Vampyrer : En kulturkritisk studie av den västerländska vampyrberättelsen från 1700-talet till 2000-talet

Detta är en avhandling från Växjö : Växjö University Press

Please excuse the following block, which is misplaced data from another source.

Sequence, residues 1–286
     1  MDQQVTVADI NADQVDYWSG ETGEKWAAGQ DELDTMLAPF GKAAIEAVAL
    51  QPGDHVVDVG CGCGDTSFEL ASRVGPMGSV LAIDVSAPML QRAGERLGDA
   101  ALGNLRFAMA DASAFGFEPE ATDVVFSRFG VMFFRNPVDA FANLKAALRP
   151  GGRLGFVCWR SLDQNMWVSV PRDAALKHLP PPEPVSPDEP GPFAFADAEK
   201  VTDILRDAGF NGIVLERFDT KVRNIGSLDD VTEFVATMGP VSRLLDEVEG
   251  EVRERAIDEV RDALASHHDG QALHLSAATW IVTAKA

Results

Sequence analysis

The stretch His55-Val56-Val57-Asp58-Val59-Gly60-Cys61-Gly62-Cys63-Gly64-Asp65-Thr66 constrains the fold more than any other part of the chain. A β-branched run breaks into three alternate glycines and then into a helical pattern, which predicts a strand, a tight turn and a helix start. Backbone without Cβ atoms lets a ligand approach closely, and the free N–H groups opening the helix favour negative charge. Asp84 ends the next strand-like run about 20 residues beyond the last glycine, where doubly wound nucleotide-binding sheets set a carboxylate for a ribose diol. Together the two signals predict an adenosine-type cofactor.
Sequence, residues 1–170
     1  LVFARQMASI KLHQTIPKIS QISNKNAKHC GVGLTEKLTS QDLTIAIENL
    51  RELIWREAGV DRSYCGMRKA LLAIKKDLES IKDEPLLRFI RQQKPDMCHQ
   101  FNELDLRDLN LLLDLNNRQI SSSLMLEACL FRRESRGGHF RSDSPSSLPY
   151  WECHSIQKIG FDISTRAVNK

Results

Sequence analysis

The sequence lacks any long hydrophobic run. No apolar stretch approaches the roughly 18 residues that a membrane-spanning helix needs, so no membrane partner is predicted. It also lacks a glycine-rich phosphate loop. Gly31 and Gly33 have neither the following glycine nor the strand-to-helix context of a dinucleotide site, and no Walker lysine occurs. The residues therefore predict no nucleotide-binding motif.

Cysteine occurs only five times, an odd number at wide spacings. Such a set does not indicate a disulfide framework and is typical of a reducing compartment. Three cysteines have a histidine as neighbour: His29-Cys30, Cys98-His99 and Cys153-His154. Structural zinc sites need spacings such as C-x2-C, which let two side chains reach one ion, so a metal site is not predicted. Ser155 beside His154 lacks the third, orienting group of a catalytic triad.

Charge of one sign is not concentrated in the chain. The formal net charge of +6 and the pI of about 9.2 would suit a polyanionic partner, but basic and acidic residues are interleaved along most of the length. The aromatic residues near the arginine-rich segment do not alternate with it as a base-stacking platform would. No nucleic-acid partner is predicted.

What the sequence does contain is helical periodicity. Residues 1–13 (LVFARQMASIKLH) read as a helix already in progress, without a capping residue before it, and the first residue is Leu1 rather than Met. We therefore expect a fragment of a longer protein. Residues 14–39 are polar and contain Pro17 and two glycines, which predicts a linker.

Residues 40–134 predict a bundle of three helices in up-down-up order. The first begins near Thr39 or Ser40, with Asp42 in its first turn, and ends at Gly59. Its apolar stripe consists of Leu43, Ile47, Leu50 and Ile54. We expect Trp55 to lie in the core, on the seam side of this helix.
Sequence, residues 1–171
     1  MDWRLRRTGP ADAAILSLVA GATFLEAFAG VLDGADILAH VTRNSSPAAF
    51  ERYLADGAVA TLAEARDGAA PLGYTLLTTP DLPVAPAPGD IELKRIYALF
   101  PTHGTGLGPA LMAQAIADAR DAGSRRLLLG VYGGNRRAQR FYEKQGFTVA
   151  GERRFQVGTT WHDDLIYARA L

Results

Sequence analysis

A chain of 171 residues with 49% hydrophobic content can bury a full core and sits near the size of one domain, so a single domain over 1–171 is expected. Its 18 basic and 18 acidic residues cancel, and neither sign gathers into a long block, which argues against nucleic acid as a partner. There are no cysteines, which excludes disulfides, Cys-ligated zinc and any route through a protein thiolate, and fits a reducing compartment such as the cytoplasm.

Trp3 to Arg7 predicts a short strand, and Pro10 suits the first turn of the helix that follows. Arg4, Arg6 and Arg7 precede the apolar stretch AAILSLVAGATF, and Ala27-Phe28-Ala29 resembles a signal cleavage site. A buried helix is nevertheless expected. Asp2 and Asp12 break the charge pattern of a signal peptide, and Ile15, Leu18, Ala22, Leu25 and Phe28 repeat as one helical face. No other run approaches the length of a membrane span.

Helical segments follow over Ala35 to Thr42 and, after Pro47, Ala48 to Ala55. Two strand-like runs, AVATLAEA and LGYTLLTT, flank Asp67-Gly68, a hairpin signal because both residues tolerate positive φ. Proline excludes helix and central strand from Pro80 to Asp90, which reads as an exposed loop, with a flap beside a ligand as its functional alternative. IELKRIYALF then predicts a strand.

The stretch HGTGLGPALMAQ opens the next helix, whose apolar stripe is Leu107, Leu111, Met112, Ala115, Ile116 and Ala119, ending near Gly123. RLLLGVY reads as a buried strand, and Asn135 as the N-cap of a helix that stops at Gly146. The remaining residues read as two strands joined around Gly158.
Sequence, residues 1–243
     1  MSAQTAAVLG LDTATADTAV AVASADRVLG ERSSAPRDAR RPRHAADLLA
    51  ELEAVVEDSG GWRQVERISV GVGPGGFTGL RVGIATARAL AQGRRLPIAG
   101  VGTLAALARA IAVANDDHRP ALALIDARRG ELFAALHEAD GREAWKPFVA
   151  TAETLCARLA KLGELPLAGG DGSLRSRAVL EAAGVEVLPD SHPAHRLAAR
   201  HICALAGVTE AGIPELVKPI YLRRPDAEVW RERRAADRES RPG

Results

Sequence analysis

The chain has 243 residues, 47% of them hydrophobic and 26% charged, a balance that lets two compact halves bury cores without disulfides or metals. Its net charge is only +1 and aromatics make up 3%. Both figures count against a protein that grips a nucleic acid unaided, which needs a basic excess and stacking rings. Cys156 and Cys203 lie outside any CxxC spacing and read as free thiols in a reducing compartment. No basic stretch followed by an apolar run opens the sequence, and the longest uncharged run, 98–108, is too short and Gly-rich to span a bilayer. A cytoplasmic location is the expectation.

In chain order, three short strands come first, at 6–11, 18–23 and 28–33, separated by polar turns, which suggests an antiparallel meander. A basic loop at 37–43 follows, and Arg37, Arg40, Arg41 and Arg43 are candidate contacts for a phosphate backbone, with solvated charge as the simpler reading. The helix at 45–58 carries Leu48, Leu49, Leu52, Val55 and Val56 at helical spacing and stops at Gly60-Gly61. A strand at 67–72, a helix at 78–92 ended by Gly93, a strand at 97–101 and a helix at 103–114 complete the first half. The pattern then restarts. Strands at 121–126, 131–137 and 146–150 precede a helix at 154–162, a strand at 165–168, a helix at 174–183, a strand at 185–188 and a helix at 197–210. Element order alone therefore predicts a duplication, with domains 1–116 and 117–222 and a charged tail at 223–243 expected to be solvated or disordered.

Sammanfattning: Vampires haunt our culture. They live amongst us, they live with us, and very likely, they live for us. Considering the never fading popularity of vampires, it is obvious that these beings satisfy some kind of basic human need. Why are vampires so popular? What kinds of specific characteristics do vampires possess that lead to our never-ending fascination with them? These are questions that are answered in this dissertation, which deals with the vampire narrative’s most significant transformations during the period 1700-2000. This study reveals that the vampire is a monster that allows both identification and distance, which makes it into an appropriate character for people to use when they tell stories about themselves and the surrounding world. This is reflected in vampire narratives. The nature of vampires and the material of vampire narratives are not something that has undergone random changes in the course of history. These transformations have their origins in various societal and cultural processes. Through studying the historical and cultural contexts that have produced vampire narratives, one can understand why vampires have been portrayed in different ways at different times and places. Similarly, studying the vampire narrative can also be used to understand the history and culture in which the narrative was created. An examination of the vampire narrative’s history from a cultural criticism perspective reveals a distinct pattern. The vampire narrative has always attracted most attention in times of social and cultural unrest. In all of the varying contexts where vampire characters appear throughout a story, a power game is occurring – a game where the vampire’s character is strategically used to express political opinions and strengthen ideological beliefs. The constant appearance of vampires in such power games is a distinctive feature within the history of vampire narratives, and the societal turbulence leaves its impression on the vampire narrative. These impressions are analyzed and interpreted in this dissertation in order to reveal the power and the strategies of power within the discourse in which the narrative has been produced. In order to describe how the vampire character has functioned and continues to function in what the study calls conflicts of power relations, the term and phenomena power improvisation is used. In the description of the history of the vampire narrative, one can discern two important sub-processes. The first describes how the vampire character and narrative have been fashioned into what they are today. During the period of interest, the vampire is transformed from the un-dead of folklore to an attractive nobleman and further into to a Count Dracula, in order to simultaneously be portrayed as what this study terms a human vampire. The second sub-process explains why the vampire character and narrative have been fashioned into what they are today. It describes the political and ideological beliefs which exist in the society where the vampire form is created and which give birth to different kinds of vampires. If, in the past, the vampire was a monster that was used to portray that which humans are afraid of, today it is a monster with which humans identify. This, claims the author, is due to the fact that the age in which we live is to a great extent imbued with the logic of consumer culture. People in a consumer culture live lives filled with demands which influence their self-image. Feelings of inadequacy and isolation are typical. For people of today, the vampire is an ally that offers an alternative and meets those needs that are neglected in a consumer society.

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